6. How to implement a system call

A system call is used by application or user programs to request service from the operating systems. Since the user programs does not have direct access to the kernel whereas the OS has the direct access. OS can access the hardware through system calls only.

The following files has to be modified for implementing a system call

  1. /usr/src/linux-2.6.35/arch/x86/kernel/syscall_table_32.S
  2. /usr/src/linux-2.6.35/arch/x86/include/asm/unistd_32.h
  3. /usr/src/linux-2.6.35/include/linux/syscalls.h
  4. /usr/src/linux-2.6.35/Makefile

New set of files to be created

  1. Create a new directory newcall/ inside the path “/usr/src/linux-2.6.35/
  2. Create new files Makefile, newcall.c and put them in the /usr/src/linux-2.6.35/newcall/ folder
  3. Create new user files (in any folder of Linux) to test the system call
    testnewcall.c, testnewcall.h (created in /home/sandipan)


Find the file /usr/src/linux-2.6.35/arch/x86/kernel/syscall_table_32.S and add the following line at the end
.long sys_newcall”  (add without double quotes, but the preceding . should)

open the file /usr/src/linux-2.6.35/arch/x86/include/asm/unistd_32.h
(all the system calls will be defined in this file using #define macro)

This file contains the system call number that is passed to the kernel through the register (EAX) when a system call is invoked.

Add “#define __NR_mycall <Last_System_Call_Num + 1>” at the end of the list.
If the last system call defined here is:
“#define __NR_vmsplice   336”, then add:
#define __NR_newcall   337” at the end of the list. (337 is the new system call number)

Increment the “NR_syscalls” by 1. So, if NR_syscalls is defined as:
“#define NR_syscalls 337”, then change it to:
#define NR_syscalls 338”  (Since we added a new kernel, so the total number of system calls should be incremented)

open the file /usr/src/linux-2.6.35/include/linux/syscalls.h
Add the following line at the end of the file:
asmlinkage long sys_newcall(int i);”  (without double quotes)

Full path of the file – /usr/src/linux-2.6.35/Makefile
Create a new directory newcall/ under the folder /usr/src/linux-2.6.35
and include that path to /usr/src/linux-2.6.35/Makefile

open the /usr/src/linux-2.6.35/Makefile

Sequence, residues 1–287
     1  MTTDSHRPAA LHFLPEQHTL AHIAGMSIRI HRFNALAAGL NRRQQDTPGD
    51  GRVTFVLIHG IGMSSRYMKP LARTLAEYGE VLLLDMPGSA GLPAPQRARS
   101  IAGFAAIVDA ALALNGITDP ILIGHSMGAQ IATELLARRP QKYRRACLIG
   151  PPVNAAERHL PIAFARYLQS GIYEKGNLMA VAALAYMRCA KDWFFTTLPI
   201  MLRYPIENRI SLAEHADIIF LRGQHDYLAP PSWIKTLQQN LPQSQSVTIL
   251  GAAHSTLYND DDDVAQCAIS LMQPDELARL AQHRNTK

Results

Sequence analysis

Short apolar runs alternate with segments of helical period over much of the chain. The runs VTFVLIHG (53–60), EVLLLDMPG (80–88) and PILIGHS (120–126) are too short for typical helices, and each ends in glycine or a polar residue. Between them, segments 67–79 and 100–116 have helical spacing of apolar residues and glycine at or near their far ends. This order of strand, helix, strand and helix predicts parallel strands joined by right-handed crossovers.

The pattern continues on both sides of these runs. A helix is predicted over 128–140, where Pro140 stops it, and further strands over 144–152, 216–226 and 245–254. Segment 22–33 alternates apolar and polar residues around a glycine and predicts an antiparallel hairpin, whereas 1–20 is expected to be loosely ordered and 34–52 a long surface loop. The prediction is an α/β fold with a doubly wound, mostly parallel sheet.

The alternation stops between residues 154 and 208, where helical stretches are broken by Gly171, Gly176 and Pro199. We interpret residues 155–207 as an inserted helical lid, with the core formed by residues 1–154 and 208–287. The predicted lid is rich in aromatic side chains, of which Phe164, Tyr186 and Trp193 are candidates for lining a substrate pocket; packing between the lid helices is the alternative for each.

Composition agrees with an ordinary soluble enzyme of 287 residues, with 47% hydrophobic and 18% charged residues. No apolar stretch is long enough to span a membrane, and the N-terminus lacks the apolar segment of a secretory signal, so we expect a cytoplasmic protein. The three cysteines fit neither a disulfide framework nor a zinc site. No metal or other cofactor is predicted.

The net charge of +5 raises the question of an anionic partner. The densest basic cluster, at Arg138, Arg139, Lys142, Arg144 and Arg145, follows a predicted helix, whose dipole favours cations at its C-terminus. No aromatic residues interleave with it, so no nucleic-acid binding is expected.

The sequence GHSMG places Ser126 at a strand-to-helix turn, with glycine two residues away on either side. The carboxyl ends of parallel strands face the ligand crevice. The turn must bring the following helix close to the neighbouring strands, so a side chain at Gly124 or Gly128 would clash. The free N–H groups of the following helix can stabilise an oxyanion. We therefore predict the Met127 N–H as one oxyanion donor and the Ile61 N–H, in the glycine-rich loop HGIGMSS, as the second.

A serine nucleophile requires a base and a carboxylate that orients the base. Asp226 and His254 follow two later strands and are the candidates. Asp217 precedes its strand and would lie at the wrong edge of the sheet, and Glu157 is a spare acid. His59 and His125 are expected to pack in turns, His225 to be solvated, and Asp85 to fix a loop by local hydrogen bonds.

and find the “core-y += ” and append newcall/ to the path (please see the image below)

Create a new file called newcall.c with full path: /usr/src/linux-2.6.35/newcall/newcall.c
/*—Start of newcall.c—-*/
#include <linux/linkage.h>
asmlinkage long sys_newcall(int i)
return i*10; //the value passed from the user program will be multiplied by 10
/*—End of newcall.c——*/

Create a new file called Makefile with full path: /usr/src/linux-2.6.35/newcall/Makefile
and paste the following line
obj-y := newcall.o

Create userspace files to test the system call
create two files testnewcall.c and testnewcall.h and the full path of the files are


#include <stdio.h>
#include “testnewcall.h”
int main(void)
printf(“%d\n”, newcall(15)); // since 15 is passed, the output should be 15*10=150
return 0;


#define __NR_newcall 337

long newcall(int i)
return syscall(__NR_newcall,i);

Note: “_syscall1(long, mycall, int, i)” this can be added instead of

long newcall(int i)
return syscall(__NR_newcall,i);

Macro _syscall1()

_syscall1(long, newcall, int, i)
the importance of the above syscall is

  • The name of the system call is newcall.
  • It takes one argument.
  • The argument is an int named number.
  • It returns an long.

Testing the new system call
Step 1: Recompile and install the new kernel so that our system call becomes available to the operating system. go to the kernel folder and give command make

Step 2: Reboot the system

Step 3: Compile and execute the user space C file (testnewcall.c) that we created above. (gcc testnewcall.c and then execute ./a.out)

RESULT: You should see the output as 150. This has been tested on kernel 2.6.35.

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